This article discusses the negotiation, preparation and execution of the release of a judgment lien encumbrance.

Negotiate a release of recorded instrument

An investor enters into an equity purchase (EP) agreement to buy a seller’s residence that is in foreclosure. [See first tuesday Form 156]

On expiration of the mandated five-day cancellation period, escrow is opened and a preliminary title report is obtained. The investor then discovers an abstract of a money judgment has been recorded against the residence, called a judgment creditor ‘s lien.

However, the purchase agreement does not call for the investor to take title subject to the recorded judgment lien.

Further, title companies will not write a policy of title insurance without referencing the creditor’s lien as excluded from coverage and thus affecting title.

The seller-in-foreclosure is uninformed about lien avoidance. Thus, the investor takes control by contacting the lienholder to negotiate the release of the lien and close the purchase transaction.

The lienholder initially demands full payment of the debt – the very reason he recorded his lien.

However, the investor has economic leverage when negotiating a release of the lien due to the priority of both the trust deed loan under foreclosure and the homeowner’s homestead exemption.

The trustee’s foreclosure sale will wipe out the judgment lien. Also, a recorded declaration of homestead or attachment exemptions protect up to $150,000 of a homeowner’s equity before the judgment lien attaches. [Calif. Code of Civil Procedure §§704.710 et seq.]

The abstract lien

A valid lien is created by a judgment creditor by recording an abstract of judgment. [CCP §697.310(a)]

Unless the money judgment is satisfied or released, a judgment lien continues for 10 years from the date it was recorded. [CCP §697.310(b)]

However, the recording of a judgment obtained from a federal court attaches without the recording of an abstract of judgment.

For example, a judgment creditor obtains a federal district court judgment and records a certified copy of the judgment in the county where the debtor is vested as the owner of real estate.

The owner later obtains a loan secured by a trust deed on the property.

The owner files a bankruptcy petition and the lender claims the recorded federal judgment is not a valid lien since it is not an abstract of judgment. Thus, the lender’s trust deed has priority and is the senior lien.

The judgment creditor claims he holds a valid lien on the property senior to the lender’s trust deed since under California law, a valid judgment lien is created on the recordation of a certified copy of a federal judgment.

Does the judgment creditor hold a valid lien senior to the lender’s trust deed?

Yes! The judgment creditor holds a valid lien senior to the lender’s trust deed since California law states a federal judgment creditor creates a valid lien on recordation of a certified copy of the federal judgment. [In re McDonell (9th Cir. BAP 1996) 204 BR 976]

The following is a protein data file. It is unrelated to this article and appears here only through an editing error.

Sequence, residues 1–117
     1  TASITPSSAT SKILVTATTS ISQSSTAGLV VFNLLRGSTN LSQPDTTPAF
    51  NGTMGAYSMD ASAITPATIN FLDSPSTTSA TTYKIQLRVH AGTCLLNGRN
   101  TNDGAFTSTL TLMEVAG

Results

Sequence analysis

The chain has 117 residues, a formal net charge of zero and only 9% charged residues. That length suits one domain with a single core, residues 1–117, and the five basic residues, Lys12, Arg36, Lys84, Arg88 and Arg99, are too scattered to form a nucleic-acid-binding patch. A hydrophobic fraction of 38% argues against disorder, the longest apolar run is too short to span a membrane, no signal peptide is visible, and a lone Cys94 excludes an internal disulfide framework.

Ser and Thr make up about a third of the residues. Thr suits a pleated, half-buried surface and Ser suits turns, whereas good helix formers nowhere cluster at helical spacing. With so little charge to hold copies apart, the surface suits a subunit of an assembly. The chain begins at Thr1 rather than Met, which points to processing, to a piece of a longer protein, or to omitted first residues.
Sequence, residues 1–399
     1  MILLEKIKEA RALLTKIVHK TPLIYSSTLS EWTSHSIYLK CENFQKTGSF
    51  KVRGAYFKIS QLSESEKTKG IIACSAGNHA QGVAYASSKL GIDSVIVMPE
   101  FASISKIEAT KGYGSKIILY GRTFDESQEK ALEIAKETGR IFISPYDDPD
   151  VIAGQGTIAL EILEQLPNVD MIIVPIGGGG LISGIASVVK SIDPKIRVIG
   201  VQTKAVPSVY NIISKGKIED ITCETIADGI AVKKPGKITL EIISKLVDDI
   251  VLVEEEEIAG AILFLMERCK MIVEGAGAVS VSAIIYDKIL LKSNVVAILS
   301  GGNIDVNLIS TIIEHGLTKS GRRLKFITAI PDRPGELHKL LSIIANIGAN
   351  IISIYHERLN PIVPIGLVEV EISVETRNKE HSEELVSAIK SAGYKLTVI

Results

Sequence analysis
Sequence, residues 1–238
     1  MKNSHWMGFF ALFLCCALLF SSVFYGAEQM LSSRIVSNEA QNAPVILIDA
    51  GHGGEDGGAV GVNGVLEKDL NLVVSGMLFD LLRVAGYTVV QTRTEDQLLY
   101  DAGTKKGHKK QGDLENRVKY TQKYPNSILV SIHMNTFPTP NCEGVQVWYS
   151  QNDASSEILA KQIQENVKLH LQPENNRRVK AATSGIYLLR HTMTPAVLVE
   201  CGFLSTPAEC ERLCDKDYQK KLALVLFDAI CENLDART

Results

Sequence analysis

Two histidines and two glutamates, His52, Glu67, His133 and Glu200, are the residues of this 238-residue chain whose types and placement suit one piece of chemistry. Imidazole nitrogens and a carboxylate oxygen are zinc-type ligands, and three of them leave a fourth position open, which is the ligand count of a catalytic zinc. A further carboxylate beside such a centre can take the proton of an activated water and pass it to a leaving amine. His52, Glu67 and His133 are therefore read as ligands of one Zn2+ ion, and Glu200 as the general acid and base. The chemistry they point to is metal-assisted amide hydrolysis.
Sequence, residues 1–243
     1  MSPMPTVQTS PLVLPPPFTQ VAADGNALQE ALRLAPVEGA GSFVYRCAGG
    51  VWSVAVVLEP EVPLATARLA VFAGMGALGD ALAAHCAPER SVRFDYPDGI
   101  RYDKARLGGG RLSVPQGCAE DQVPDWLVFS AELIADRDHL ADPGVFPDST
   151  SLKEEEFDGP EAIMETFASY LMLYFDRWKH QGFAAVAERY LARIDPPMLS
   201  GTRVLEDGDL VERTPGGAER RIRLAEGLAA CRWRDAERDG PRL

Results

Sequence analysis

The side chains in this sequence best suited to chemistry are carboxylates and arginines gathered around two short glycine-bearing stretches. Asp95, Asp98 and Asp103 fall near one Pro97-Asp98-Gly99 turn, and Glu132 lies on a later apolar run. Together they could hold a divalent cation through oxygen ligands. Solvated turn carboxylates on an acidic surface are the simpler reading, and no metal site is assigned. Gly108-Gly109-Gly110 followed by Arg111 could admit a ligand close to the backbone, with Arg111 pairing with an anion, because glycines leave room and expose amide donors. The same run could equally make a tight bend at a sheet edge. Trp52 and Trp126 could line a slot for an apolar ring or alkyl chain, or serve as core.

A money judgment from a court of the United States which is enforceable in California becomes a valid lien on real estate on the recording of:

  • an abstract of judgment; or
  • a certified copy of the money judgment. [CCP §697.060]

The wiped-out lien

Generally, a good bargaining tactic to obtain a release of a lien which clouds title to a property is a combination of:

  • a “gentle reminder” that the judgment lien is on the verge of being wiped out in foreclosure;
  • a review of the homeowner’s homestead exemption rights as having priority over the creditor’s lien; and
  • an offer to pay a lesser amount, credited against the amount the owner owes the lienholder.

The objective of the negotiations is to give the lienholder an incentive to cooperate and release the property from the lien.

A winning situation is created when:

  • the lienholder collects a portion of the money owed on the money judgment which is not enforceable against the property if a foreclosure wipes out the judgment lien;
  • the seller continues with his distress sale, avoiding the elimination of his equity by the lender’s foreclosure, and keeps the net sales proceeds, which are protected by his homestead exemption, intact for later investment in a replacement residence; and
  • the investor keeps his purchase agreement alive by negotiating a relatively small payment, which is paid out of the seller’s proceeds and does not increase the purchase price, to the lienholder.

Release of recorded instrument

When the judgment lienholder agrees to release the property, the seller must obtain and record a release of recorded instrument from the lienholder. [See Form 409 accompanying this article]

The release contains all the information necessary to inform the record that the judgment lien remains of record against the homeowner, but the residence is now released.

Once notarized and recorded, the cloud of the judgment lien against the property is extinguished and a policy of title insurance can be issued free of the lien.

The lienholder unilaterally executes the release by signing it and dating his signature.

Also, the release must be notarized to be recorded – it is recordation which clears the seller’s title of the lien. [Calif. Government Code §27287]